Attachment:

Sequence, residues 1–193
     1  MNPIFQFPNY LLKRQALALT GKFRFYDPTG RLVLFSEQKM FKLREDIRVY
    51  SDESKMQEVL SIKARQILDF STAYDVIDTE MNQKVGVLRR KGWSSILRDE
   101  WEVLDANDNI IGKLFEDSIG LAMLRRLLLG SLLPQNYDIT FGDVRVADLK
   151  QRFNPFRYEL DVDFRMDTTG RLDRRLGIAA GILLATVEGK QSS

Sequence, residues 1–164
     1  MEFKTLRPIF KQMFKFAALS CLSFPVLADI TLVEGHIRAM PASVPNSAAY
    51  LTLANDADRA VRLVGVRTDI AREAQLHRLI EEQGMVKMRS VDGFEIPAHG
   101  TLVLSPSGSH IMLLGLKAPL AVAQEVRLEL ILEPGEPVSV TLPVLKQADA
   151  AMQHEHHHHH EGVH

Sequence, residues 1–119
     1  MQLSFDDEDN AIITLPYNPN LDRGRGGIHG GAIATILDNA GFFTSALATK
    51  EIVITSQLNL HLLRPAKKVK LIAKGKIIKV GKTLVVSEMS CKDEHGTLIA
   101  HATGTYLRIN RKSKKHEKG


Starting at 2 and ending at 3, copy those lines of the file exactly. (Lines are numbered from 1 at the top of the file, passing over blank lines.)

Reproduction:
     1  MNPIFQFPNY LLKRQALALT GKFRFYDPTG RLVLFSEQKM FKLREDIRVY
    51  SDESKMQEVL SIKARQILDF STAYDVIDTE MNQKVGVLRR KGWSSILRDE